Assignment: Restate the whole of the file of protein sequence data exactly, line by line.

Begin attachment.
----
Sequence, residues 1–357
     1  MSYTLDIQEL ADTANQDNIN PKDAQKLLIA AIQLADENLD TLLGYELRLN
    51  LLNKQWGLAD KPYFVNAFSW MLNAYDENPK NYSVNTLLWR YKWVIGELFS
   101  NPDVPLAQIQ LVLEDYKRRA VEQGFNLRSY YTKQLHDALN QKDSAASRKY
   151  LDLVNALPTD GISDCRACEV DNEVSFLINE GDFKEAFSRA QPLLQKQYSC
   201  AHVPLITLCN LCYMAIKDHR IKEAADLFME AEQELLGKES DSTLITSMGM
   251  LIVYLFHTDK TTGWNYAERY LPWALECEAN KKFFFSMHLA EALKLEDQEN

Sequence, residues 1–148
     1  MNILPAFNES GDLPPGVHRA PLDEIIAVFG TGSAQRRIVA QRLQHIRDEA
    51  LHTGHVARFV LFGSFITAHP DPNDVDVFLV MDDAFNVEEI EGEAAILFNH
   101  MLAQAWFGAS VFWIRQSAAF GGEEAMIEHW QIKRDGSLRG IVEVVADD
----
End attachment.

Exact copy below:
Sequence, residues 1–357
     1  MSYTLDIQEL ADTANQDNIN PKDAQKLLIA AIQLADENLD TLLGYELRLN
    51  LLNKQWGLAD KPYFVNAFSW MLNAYDENPK NYSVNTLLWR YKWVIGELFS
   101  NPDVPLAQIQ LVLEDYKRRA VEQGFNLRSY YTKQLHDALN QKDSAASRKY
   151  LDLVNALPTD GISDCRACEV DNEVSFLINE GDFKEAFSRA QPLLQKQYSC
   201  AHVPLITLCN LCYMAIKDHR IKEAADLFME AEQELLGKES DSTLITSMGM
   251  LIVYLFHTDK TTGWNYAERY LPWALECEAN KKFFFSMHLA EALKLEDQEN

Sequence, residues 1–148
     1  MNILPAFNES GDLPPGVHRA PLDEIIAVFG TGSAQRRIVA QRLQHIRDEA
    51  LHTGHVARFV LFGSFITAHP DPNDVDVFLV MDDAFNVEEI EGEAAILFNH
   101  MLAQAWFGAS VFWIRQSAAF GGEEAMIEHW QIKRDGSLRG IVEVVADD